Seamus Perry gets nostalgic about his Oxford interview some 30 years ago

In one of his needier moments Shakespeare wrote: “That time of year thou may’st in me behold / When yellow leaves, or none, or few do hang / Upon those boughs that shake against the cold, / Bare ruined choirs where late the sweet birds sang.”

I think of those lines often at this time of year, not only because they describe the view from the kitchen window – and, sometimes, it is true, the spiritual state of the washer up – but because that was the poem I was given during my Oxford interview, in a cold and foggy December 30 years ago.

Interviews are different now – and all for the better. But back then there seems to have been more leeway for tutors to do their own thing, and the English tutors at St Catherine’s College, to which I had applied, were especially disposed to do their own thing.

The gangly, jumpered figure of Mr Gearin-Tosh, a memorable and memorably named English Fellow, pushed a copy of that gloomy Shakespeare sonnet into my hand and told me to go off to the college library for an hour.

I was to write whatever I wanted to write about it. All that mattered was that I should not, under any circumstances, consult any books or articles about Shakespeare – a prohibition which, I thought, made the choice of the library as the venue for my timed essay a bit queer.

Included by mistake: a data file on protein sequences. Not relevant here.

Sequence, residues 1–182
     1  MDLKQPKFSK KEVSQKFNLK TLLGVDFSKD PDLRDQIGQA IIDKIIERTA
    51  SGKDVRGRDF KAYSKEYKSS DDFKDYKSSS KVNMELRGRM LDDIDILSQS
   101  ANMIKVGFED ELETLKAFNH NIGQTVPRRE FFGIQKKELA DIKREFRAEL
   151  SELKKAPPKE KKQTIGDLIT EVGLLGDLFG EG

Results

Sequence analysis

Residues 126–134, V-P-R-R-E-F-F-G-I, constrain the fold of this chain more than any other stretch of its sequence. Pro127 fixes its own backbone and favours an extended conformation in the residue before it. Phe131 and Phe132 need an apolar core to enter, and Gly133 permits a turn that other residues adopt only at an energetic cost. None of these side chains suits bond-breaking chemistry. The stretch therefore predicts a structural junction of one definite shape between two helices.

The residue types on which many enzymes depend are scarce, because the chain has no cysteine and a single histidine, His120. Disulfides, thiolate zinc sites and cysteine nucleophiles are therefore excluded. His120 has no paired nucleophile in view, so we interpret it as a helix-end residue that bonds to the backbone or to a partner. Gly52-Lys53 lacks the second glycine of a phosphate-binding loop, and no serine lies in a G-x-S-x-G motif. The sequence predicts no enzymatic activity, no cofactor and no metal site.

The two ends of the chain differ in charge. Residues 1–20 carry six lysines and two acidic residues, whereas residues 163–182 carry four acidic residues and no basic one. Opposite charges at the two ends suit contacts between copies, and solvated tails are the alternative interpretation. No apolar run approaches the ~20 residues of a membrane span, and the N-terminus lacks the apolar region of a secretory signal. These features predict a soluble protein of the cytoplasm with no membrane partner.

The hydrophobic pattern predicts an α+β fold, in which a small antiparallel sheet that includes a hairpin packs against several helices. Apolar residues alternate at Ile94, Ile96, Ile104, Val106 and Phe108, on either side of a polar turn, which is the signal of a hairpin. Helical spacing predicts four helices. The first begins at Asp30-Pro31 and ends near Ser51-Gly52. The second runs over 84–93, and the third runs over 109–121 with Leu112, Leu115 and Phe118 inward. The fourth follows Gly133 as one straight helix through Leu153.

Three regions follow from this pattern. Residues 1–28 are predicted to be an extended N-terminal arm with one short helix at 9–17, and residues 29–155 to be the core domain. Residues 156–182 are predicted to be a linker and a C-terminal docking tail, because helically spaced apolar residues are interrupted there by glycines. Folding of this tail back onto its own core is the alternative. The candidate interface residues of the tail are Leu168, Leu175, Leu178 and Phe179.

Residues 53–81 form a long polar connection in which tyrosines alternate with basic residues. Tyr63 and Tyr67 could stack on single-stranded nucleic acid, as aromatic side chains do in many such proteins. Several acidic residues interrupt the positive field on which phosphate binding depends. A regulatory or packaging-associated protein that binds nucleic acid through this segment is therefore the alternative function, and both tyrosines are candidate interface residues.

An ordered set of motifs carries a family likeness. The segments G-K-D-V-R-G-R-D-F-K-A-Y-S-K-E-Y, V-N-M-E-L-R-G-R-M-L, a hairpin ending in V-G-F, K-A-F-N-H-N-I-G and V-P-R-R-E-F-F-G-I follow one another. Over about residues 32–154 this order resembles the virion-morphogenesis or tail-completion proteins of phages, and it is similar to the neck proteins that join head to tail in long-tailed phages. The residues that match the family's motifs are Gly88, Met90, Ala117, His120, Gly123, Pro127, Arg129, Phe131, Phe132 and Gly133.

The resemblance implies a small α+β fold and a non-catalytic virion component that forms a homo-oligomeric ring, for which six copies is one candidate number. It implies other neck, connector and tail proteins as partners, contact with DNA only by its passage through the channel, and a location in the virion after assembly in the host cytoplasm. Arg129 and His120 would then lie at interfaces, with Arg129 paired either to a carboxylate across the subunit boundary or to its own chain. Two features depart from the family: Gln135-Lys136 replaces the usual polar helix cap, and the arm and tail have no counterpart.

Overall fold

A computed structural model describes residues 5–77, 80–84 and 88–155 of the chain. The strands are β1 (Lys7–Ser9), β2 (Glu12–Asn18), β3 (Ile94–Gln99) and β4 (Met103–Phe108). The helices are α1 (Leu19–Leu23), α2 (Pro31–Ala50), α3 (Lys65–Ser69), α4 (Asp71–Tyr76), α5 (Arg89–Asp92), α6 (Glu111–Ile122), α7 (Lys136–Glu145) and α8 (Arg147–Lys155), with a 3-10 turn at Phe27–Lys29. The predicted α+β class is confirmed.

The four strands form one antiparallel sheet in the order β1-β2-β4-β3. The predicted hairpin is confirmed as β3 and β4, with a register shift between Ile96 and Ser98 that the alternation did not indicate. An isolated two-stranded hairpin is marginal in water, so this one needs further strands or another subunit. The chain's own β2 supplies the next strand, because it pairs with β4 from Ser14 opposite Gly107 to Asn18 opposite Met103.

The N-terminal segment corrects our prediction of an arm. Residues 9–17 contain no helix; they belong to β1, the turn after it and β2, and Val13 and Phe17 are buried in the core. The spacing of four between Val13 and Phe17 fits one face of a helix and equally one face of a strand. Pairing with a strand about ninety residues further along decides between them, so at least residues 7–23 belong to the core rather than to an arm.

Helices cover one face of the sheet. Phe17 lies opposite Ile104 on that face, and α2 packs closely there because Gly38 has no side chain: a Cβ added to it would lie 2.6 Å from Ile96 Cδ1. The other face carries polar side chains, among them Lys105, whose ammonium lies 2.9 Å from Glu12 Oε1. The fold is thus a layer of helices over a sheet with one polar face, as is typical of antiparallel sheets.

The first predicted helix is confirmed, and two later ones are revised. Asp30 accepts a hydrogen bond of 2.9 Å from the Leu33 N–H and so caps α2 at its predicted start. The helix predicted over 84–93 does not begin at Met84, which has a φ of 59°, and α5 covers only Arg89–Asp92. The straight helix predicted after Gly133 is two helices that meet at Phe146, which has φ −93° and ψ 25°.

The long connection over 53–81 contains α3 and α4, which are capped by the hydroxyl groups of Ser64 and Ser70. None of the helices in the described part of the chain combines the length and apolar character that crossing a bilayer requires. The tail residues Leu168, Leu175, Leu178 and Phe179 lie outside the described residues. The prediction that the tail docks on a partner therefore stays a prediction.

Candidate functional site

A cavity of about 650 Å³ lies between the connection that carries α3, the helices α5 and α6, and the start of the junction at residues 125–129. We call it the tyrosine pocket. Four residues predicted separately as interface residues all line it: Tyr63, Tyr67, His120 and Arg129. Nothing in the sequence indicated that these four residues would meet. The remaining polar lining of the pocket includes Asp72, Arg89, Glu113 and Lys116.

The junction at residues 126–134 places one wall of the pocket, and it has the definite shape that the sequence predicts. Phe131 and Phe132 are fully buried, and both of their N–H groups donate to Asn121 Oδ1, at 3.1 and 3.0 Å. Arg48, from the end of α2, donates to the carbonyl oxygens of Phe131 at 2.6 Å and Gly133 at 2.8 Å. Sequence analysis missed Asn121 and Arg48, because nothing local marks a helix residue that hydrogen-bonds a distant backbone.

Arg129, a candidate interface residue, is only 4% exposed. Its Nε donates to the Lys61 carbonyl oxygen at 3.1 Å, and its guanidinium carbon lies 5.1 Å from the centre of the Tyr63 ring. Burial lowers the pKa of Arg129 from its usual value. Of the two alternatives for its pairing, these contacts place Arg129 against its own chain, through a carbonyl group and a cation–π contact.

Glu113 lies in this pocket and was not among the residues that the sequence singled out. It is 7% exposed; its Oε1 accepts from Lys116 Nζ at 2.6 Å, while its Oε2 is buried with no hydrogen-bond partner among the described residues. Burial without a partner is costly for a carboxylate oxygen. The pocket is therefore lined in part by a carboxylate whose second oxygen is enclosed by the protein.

But anyway, I scribbled away obediently and after an hour handed in my effort.

Later that afternoon I went for my first interview. Not a single sentence was exchanged about Shakespeare. It was as if that good man had never written a word, nor I a word about him.

I struggled to interpret this as a good sign, but I had obviously said something so monumentally stupid about Shakespeare’s sonnet that further enquiry was pointless.

Instead, Mr Gearin-Tosh asked me to say something about T.S. Eliot, whom I had recklessly mentioned in my application.

I expounded at length about The Waste Land, no doubt coming across as autodidactic and unshapely, to which Mr Gearin-Tosh responded, somewhat enigmatically: “But surely, my dear, you are taking the ghost out of the machine.”

He then tittered, not unkindly.

My second interview, the next day, was with the more rationally, but no less memorably, named Mr Wordsworth, who was later to become a great friend and who, I suppose, largely made me what, as a scholar, I am.

I was meant to be talking about Samuel Beckett, whose works in truth I hardly knew but whose name I had dropped into my personal statement in the hope of suggesting existentialist sophistication.

But rather than broach Beckett, Mr Wordsworth said: “What did you say yesterday?” I repeated what I had said the day before about Eliot, and Mr Wordsworth said, with a quizzical frown I would come to know well, “And who could possibly disagree with that?”

And, in due course, I was offered a place, which was my best Christmas present that year. Moral: you never know how an interview has gone. Happy Christmas, one and all.